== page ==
TRINIDAD-OWNED Caribbean Airlines (CAL) yesterday announced that the positions of all pilots represented by the Jamaican Airline Pilots' Association (JALPA) will be made redundant next month — a move one major trade union is likening to union busting.
Of the 75 JALPA members, 64 are currently employed to CAL, which also operates Air Jamaica, following a deal in 2009 for the sale of the Lovebird to the Trinidad Government.
In a statement released to the media, CAL said the Kingston-based pilots were yesterday morning advised by representatives of CAL and their subsidiary CARIBAL Ltd that their positions would be made redundant in May 2012.
The statement, however, provided no further details.
But in a letter from CAL's vice-president of human resources Charmaine Heslop-DaCosta to JALPA, which was obtained by the Jamaica Observer, the carrier informed them that all pilots other than those employed to CARIBAL are represented by Trinidad and Tobago Airline Pilots' Association (TTALPA).
"As you are aware, all pilots, as defined in your claim, other than those employed to CARIBAL, are represented by TTALPA as demonstrated by certificate of recognition from the Recognition Board in Trinidad and Tobago as the trade union for the pilots employed by CAL dated 30th November 2009," Heslop-DaCosta's letter said.
The letter informed further that negotiations between CAL and TTALPA have commenced and once concluded will establish the terms and conditions of employment of all pilots employed by CAL.
Yesterday, Senator Kavan Gayle, head of the Bustamante Industrial Trade Union, said this should not be allowed to happen.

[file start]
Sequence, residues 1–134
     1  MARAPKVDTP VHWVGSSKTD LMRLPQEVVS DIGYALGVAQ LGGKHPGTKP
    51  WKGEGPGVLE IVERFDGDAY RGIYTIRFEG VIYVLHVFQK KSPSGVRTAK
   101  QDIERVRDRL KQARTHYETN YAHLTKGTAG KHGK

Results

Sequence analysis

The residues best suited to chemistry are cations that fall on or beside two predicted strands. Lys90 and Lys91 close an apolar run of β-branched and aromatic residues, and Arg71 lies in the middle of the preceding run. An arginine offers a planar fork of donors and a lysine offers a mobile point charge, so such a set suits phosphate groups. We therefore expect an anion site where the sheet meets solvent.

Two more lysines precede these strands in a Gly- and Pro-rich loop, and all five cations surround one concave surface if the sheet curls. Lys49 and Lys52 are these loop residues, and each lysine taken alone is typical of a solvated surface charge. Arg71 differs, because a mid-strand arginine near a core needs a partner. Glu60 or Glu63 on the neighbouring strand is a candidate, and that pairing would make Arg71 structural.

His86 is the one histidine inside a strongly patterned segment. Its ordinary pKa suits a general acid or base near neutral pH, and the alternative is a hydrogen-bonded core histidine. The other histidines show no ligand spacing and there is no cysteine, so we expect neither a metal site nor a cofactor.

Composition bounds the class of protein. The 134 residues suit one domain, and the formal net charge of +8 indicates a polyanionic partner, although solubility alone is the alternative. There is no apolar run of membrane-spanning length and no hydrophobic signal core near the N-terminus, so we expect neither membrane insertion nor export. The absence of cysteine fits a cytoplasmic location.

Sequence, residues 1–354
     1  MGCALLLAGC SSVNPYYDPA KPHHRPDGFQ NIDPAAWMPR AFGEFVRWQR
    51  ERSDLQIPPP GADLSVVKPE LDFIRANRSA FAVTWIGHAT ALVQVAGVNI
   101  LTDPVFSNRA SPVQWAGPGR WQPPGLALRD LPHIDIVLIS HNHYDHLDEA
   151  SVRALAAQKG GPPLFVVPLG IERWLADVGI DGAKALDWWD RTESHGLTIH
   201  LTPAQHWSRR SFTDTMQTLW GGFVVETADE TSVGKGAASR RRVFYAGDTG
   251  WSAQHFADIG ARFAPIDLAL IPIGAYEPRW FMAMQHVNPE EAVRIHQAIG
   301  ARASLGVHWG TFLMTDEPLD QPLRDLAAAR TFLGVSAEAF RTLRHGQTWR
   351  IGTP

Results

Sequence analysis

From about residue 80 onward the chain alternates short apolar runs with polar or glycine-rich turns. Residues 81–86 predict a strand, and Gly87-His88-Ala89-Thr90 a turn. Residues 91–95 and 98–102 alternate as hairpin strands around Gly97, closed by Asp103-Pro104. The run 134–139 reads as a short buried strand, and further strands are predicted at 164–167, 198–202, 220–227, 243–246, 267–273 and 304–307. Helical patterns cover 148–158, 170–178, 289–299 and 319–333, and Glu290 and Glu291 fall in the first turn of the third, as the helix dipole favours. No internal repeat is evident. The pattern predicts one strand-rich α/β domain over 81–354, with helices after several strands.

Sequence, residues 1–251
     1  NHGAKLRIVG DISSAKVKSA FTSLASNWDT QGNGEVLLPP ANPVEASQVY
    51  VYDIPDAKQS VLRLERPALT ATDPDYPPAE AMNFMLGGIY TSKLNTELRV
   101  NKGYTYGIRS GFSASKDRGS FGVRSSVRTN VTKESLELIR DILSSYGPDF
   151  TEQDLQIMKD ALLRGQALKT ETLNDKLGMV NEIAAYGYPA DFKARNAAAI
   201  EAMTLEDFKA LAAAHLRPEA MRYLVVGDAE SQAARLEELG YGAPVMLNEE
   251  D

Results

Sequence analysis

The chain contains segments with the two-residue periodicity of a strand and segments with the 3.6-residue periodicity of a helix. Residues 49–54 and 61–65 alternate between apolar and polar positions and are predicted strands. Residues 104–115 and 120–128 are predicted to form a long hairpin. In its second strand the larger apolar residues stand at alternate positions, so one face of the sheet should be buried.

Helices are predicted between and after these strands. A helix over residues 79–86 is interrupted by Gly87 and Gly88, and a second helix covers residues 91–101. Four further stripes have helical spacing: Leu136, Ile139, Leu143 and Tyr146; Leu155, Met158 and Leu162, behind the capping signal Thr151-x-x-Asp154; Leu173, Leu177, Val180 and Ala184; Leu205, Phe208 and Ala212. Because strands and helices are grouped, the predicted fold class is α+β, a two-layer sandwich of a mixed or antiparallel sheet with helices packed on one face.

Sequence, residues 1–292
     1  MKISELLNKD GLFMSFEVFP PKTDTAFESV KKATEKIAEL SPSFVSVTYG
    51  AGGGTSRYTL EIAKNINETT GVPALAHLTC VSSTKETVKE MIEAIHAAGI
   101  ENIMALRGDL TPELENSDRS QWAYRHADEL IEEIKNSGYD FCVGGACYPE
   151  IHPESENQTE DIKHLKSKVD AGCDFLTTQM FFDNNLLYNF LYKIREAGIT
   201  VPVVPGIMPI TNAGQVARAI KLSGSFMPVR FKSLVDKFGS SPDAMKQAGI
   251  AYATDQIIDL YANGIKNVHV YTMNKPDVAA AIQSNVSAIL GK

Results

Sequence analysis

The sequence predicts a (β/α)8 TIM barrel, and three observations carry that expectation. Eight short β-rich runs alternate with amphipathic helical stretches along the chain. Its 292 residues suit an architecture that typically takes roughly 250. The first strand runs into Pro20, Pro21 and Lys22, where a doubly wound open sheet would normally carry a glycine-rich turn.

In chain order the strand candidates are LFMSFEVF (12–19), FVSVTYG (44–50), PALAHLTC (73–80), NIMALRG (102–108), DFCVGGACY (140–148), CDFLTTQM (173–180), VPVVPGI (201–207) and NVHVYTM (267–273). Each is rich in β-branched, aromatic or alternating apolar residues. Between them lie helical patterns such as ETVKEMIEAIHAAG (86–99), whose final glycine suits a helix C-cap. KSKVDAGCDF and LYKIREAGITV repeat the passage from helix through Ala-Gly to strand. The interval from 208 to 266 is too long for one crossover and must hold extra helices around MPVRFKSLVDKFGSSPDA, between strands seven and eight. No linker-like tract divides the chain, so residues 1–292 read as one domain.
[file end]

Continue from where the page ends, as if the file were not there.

"This can be categorised as union busting in order to break up JALPA as the trade union representing Jamaican pilots," he told the Observer.
He questioned how Jamaican pilots employed by CAL could be represented by a Trinidad-based association, noting that neither Jamaican laws nor any legislation in Trinidad and Tobago would allow that.
Gayle's point was supported by a JALPA source who spoke on condition of anonymity. "Our legal advice is that that can't work," he said.
Gayle said also of great concern is what will now happen with a dispute currently before the Industrial Disputes Tribunal with JALPA members operating under CARIBAL.
"What Cal is seeking to do is to make these pilots (positions) redundant and offer them new terms and conditions for which they have to attend interviews to determine who will be rehired," he said.
But according to Gayle, the JALPA members are resisting this as they believe the transition should be seamless.
"CARIBAL being a subsidiary must be knowledgeable and cognisant of the performances of all these pilots, and so there should be no reason they should undergo another interview for employment," Gayle said. "It is unfair that they should undergo this type of treatment."
As such, he said, JALPA has requested a meeting with CAL's management in a bid to resolve the matter.
The JALPA source said the association will be meeting to devise a strategy going forward as it is expected that at least 15 per cent of its members may lose their jobs with the airline.